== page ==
Legislating without understanding the motive: TN Gov. Bill Lee gropes around in the dark

(Joe Rondone/The Commercial Appeal via AP, Pool)

Tennessee Governor Bill Lee’s special session to pass new gun control legislation is underway. In my opinion, this session has bad optics and politics for the Second Amendment side. Whether we like it or not, whether we call out the chicanery and emotional manipulation or not, the sight of women (rightfully) getting booted out for breaking the rules and then crying about it generates sympathy in a significant part of the public that votes. And that public reaction is the exact outcome the gun controllers are working towards.


Don’t believe me? Recall what happened in Colorado after Sandy and Lonnie Phillips lost their lawsuit against Lucky Gunner for selling the ammunition the Aurora, CO shooter used. It was predictable from the start that the lawsuit was meritless and the parents would lose. As expected, the parents lost and had to file for bankruptcy as they owed over $200,000 in legal fees to Lucky Gunner’s attorneys. The gun control group Brady used the grieving parents to file this lawsuit and left them holding the bag when they lost the case. As Tom wrote earlier this year,

Then, when it goes absolutely nowhere–which the gun control groups should know would be the case–folks in places with laws like Colorado are left holding the bag.

Brady has much deeper pockets than the Phillips did. It has the resources to have tried to make this right but opted to do no such thing.

Instead, they engage in the disgusting and likely predatory tactic of convincing people to file forlorn lawsuits, then abandoning them when it fizzles.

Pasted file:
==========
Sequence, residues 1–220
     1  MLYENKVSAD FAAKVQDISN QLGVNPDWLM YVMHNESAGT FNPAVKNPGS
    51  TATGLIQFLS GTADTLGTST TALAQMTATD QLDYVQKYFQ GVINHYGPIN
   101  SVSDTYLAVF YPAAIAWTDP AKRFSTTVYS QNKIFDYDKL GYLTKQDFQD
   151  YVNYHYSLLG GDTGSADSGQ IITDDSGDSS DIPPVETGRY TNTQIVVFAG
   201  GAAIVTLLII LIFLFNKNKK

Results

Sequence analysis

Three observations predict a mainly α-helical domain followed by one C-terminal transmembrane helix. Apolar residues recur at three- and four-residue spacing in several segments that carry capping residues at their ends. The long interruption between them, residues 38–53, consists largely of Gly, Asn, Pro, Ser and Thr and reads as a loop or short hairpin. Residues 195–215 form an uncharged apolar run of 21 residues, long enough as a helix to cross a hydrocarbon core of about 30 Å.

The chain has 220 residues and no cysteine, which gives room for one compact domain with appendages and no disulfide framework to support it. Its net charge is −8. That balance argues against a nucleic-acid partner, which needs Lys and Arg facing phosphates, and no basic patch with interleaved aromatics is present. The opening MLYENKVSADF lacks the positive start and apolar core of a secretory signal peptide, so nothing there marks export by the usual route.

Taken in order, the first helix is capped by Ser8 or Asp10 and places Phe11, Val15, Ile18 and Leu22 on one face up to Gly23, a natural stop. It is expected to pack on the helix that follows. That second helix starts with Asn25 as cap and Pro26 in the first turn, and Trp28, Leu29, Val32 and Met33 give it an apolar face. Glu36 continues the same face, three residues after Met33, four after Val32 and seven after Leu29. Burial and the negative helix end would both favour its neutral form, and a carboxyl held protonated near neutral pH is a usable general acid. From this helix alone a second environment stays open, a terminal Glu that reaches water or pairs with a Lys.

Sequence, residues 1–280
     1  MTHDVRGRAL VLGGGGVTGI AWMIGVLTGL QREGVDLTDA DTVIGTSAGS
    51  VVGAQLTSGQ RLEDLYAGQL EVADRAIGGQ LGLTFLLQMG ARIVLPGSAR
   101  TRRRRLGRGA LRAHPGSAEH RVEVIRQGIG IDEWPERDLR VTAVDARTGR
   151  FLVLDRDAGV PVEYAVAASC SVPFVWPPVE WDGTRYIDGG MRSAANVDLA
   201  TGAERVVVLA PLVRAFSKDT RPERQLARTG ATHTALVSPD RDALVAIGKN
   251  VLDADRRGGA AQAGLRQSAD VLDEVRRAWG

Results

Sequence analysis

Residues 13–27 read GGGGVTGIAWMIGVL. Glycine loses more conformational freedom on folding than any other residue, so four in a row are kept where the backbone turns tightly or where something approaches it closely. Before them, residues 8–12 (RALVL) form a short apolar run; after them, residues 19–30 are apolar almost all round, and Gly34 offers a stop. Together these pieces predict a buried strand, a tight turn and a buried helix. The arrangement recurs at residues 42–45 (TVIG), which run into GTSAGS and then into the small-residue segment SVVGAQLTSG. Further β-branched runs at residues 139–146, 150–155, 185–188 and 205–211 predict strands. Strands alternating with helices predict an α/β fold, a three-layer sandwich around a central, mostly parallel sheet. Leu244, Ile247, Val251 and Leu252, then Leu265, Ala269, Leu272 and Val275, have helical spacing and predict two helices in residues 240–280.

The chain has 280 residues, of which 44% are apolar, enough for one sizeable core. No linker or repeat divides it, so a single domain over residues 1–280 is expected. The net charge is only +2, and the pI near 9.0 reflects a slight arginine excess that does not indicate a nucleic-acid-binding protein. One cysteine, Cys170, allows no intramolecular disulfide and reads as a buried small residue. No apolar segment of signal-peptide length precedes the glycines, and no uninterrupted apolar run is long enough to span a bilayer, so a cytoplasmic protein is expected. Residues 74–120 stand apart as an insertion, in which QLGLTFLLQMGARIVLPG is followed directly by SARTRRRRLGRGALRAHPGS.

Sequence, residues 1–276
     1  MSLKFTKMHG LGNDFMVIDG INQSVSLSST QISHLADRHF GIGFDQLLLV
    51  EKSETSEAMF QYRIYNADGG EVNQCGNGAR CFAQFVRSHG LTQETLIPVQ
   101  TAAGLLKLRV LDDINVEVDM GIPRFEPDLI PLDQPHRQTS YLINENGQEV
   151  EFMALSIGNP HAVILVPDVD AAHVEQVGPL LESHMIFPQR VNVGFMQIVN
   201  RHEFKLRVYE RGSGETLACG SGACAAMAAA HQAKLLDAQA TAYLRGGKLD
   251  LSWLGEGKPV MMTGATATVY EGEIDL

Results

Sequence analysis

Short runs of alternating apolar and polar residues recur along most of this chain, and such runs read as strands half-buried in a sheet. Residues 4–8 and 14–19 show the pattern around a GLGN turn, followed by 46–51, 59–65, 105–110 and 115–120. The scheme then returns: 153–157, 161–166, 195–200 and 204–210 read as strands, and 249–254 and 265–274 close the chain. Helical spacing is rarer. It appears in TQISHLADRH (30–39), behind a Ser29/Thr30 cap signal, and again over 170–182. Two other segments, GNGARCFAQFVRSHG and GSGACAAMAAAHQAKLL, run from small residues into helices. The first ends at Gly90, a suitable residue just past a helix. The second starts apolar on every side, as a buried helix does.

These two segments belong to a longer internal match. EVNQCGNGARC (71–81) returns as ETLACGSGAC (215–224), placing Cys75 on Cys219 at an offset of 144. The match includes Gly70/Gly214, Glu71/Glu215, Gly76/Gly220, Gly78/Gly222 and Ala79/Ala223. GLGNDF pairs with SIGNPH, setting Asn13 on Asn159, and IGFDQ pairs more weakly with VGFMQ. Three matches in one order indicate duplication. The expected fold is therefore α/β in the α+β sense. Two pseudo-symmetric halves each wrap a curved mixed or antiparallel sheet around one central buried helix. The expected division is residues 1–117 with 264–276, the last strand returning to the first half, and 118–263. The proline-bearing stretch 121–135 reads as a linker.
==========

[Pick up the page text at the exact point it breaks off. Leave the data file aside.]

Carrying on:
The parents’ bankruptcy generated media buzz, and Colorado’s legislature swooped in and did exactly what the gun control movement wanted in response to the parents losing the meritless lawsuit: they weakened protections for the firearms industry against meritless lawsuits. As reported in The Hill:


A third measure passed by the legislature will strengthen the state’s red flag law, and a fourth rolls back some legal protections for the firearm industry, exposing them to lawsuits from the victims of gun violence.


In their speeches about rolling back legal protections for gun manufacturers, lawmakers looked often to Sandy and Lonnie Phillips, whose daughter, Jessica Ghawi, was slain in the 2012 Aurora theater shooting. The parents tried to sue the companies that had sold the shooter ammunition and tear gas but were unsuccessful. Ultimately, the couple ended up owing more than $200,000 in defense attorney fees and had to file for bankruptcy.

The methods were disgusting, but the gun control movement got what they wanted, thanks to the poor optics of bankrupt, grieving parents. 

The gun controllers are trying to replicate that in Tennessee. The tactics are similar. Get grieving families out front and use them as props, make sure they break some rules and get kicked out, film them crying, and make the legislature look bad for standing by the Constitution.

There’s this saying attributed to Aristotle that, “The law is reason, free from passion.” The legislature is acting according to that, looking at the situation with reason, leaving emotion out of the equation. That’s their duty and they are performing it correctly, going so far as to tell the Governor they won’t tag along. But that won’t be enough.


To counter the immense political and manipulative media pressure they’re under, they need to point at the missing manifesto and refuse to cooperate until it is released. The motivation for this special session is to find solutions to prevent a repeat of the Covenant School shooting. But without understanding the assailant’s motive, how is that even possible? 

Tennessee’s legislators need to tell the Governor, the gun control authoritarians and the media: “No manifesto, no new gun control law.”

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